Thursday, April 28, 2011
I am just finishing grading the last set of quizzes for students in my Land Use course. Years ago, Ron Agulnick, my co-teacher and a practicing lawyer, decided that giving a final exam at the end of the course was not pedagogically sound. Students would cram at the end of the semester, get no substantive feedback on their answers, and, right after the exam, promptly forget most of what they had quickly learned.
Instead, we give our students a series of five in-class quizzes, each on a discrete piece of the course—the contents of the quizzes do not overlap. Immediately after the students take a quiz, we give them our answers. Each quiz counts for 20 points.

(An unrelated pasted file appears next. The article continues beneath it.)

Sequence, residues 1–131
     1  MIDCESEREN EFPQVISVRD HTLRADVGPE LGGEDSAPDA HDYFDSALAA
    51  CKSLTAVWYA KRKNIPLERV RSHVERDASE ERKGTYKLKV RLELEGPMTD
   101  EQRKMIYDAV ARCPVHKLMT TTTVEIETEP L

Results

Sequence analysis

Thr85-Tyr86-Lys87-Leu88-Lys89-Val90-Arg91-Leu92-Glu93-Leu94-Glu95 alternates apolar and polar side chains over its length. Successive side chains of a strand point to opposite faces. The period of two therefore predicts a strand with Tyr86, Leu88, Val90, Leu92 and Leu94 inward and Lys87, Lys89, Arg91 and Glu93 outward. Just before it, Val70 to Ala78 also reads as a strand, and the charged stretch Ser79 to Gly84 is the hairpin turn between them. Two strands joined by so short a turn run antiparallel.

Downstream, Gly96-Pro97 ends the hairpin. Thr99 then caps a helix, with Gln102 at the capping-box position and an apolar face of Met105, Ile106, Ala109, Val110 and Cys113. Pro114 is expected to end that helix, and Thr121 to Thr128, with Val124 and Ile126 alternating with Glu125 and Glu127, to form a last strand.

Students thus study a handful of classes very intensely for each quiz. They tell us that, as a result, they remember more of the material, long term. Students also get instant feedback, a pedagogically valuable benefit.
Most quizzes consist of ten questions, each worth two points. Some require paragraph answers; most are multiple guess. The questions are thus quite straightforward. I have never believed that the exam setting is the place to evaluate a student’s analytical abilities. Instead, we hold exit interviews in which we encourage small groups of students to discuss the bigger issues with us. I will write about those another time. I should note that I use a different grading system in each course that I teach.